“I’m extremely grateful for this award, but I really think it should have gone to the big man there,” Darren Smith mumbled awkwardly, gripping the Stirling Albion Supporters’ Player of the Year award. The “big man there” in question was goalkeeper Chris Smith, who showed little reaction to namesake Darren’s humble acceptance speech. Instead he chose to avoid eye contact with onlookers as an awkward atmosphere threatened to engulf those congregated in the Supporters’ Bar after the final league game of the season.
It had been a disappointing campaign for Stirling Albion. A sixth place finish and a points total of 47, one fewer than amassed the previous season, meant the Binos would again be plying their trade in the bottom division of the Scottish Professional Football League. However, the safety of sixth place is something many Albion fans would have bitten your hand off for at the end of last year. Bottom of the league on the 10th of December 2016 following defeat at League 2 new boys Edinburgh City and facing the very distinct possibility of a relegation play-off against either the Highland League or Lowland League champions to retain their place in the professional ranks.
Dave Mackay, the former St Johnstone stalwart and the third man to take on managerial duties at Forthbank last season, did eventually guide the Albion clear of the abyss in what was a campaign of few highlights. Little-known French striker Dylan Nguene Bikey’s heroics in a short spell at the club and Sean Dickson’s stoppage time equaliser against Arbroath provided rare moments of solace. Darren Smith’s 12 goals in 38 appearances could hardly be described as prolific, yet it was enough to see him share the club’s top scorer award. Arguably Stirling Albion’s most consistent performer across the 2016/17 campaign was goalkeeper Chris Smith. A point of view echoed by opposition players as they voted him into the League 2 Team of the Year for the second time in a row. Three penalty saves and countless other top-class stops throughout the season earned Smith the adulation of opponents.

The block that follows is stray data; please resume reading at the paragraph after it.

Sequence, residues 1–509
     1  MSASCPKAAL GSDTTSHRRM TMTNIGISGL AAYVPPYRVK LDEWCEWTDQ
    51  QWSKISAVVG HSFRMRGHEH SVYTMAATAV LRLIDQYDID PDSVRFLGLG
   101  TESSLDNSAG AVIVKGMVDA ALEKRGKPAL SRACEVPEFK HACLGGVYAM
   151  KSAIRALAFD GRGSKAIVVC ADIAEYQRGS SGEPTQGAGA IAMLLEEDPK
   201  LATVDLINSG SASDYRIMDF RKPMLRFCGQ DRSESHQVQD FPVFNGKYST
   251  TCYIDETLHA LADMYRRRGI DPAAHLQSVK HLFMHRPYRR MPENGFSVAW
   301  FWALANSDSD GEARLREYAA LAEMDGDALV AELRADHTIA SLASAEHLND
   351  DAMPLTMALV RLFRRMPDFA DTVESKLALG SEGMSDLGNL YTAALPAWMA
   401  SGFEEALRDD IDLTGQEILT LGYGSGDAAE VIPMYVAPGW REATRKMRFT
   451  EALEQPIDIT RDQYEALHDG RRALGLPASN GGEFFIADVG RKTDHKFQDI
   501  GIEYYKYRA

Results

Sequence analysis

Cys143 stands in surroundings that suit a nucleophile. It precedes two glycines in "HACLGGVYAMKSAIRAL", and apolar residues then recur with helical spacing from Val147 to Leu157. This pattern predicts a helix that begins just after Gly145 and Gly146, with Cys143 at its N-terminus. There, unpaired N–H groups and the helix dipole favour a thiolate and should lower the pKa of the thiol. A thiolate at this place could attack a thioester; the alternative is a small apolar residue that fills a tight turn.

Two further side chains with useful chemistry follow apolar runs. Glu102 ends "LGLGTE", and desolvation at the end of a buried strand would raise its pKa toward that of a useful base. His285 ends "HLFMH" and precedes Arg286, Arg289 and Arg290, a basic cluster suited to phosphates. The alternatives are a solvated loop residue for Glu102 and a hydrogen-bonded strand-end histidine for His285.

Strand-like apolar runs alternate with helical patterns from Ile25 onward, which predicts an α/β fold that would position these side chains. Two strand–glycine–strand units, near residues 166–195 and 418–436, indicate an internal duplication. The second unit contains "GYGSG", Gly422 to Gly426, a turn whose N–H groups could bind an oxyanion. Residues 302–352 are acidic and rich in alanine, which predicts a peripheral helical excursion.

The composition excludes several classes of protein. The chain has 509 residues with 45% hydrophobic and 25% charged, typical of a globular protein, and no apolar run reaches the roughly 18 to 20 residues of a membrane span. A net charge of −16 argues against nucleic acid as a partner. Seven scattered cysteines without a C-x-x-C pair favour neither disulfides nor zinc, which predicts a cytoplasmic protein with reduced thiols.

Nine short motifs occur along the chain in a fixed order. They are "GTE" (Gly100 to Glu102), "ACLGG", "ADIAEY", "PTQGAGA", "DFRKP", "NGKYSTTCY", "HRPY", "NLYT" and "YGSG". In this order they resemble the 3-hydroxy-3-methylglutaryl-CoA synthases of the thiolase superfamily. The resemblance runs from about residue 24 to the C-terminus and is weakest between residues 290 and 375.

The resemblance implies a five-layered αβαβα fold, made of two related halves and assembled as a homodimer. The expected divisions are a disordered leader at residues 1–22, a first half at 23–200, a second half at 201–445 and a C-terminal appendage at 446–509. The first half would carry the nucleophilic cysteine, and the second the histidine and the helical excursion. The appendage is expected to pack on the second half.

However, respect for Smith’s performances did not extend to all, with a minority of the club’s own fans regularly berating him. Choosing to overlook Wallace Christopher Smith, to give him his full name, for the Supporter’s Player of the Year award further highlighted a core of the Supporters Club’s dissatisfaction with him. While some of the comments on the Stirling Albion forum regarding his departure, which was announced this week, confirmed any doubts observers may have had of the ill will held toward him by some fans.
Smith, whose full-time job is a policeman, joined the Binos in the summer of 2015. A solid, if unspectacular, start to life between the sticks for Stirling quickly developed into one in which he was regularly pulling off stunning saves to bail out a shaky defence, while at times leaving a bit to be desired with his distribution. Although not being overly convincing under cross balls, Smith was widely considered to be a very capable keeper by those in the stands at Forthbank. However, all goodwill toward him was to come to an end for a small section of supporters one afternoon in Annan. A vocal minority replaced congratulating and clapping the ex-Stenhousemuir goalie with jibes about his appearance, or more specifically his midriff, and questions about his agility.
And Smith’s crime? Responding to the abuse he and his teammates were receiving from supporters. It had been bubbling under for a while. Headshakes and mutters as criticism came the team’s way from the terraces. Before one day he finally exercised his right of reply. Not with a torrent of abuse or a challenge to a fight, but instead with a question. Albeit a rhetorical one. “Aren’t you supposed to be supporting the team?” Dropping a cross or conceding a soft goal were just about forgivable, but to answer back the fans was seen by some supporters as crossing the line to the point of no return.